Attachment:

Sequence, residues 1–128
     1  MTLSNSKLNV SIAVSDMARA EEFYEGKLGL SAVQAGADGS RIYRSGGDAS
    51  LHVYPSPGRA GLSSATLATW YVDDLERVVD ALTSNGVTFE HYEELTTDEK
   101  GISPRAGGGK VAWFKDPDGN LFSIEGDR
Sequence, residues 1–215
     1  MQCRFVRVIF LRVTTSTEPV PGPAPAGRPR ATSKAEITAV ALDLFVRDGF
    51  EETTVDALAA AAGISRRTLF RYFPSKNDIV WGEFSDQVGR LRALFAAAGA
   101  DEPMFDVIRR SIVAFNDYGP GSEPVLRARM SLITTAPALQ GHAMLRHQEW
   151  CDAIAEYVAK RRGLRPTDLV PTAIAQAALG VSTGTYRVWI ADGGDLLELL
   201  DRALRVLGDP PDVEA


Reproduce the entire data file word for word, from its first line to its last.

Sequence, residues 1–128
     1  MTLSNSKLNV SIAVSDMARA EEFYEGKLGL SAVQAGADGS RIYRSGGDAS
    51  LHVYPSPGRA GLSSATLATW YVDDLERVVD ALTSNGVTFE HYEELTTDEK
   101  GISPRAGGGK VAWFKDPDGN LFSIEGDR
Sequence, residues 1–215
     1  MQCRFVRVIF LRVTTSTEPV PGPAPAGRPR ATSKAEITAV ALDLFVRDGF
    51  EETTVDALAA AAGISRRTLF RYFPSKNDIV WGEFSDQVGR LRALFAAAGA
   101  DEPMFDVIRR SIVAFNDYGP GSEPVLRARM SLITTAPALQ GHAMLRHQEW
   151  CDAIAEYVAK RRGLRPTDLV PTAIAQAALG VSTGTYRVWI ADGGDLLELL
   201  DRALRVLGDP PDVEA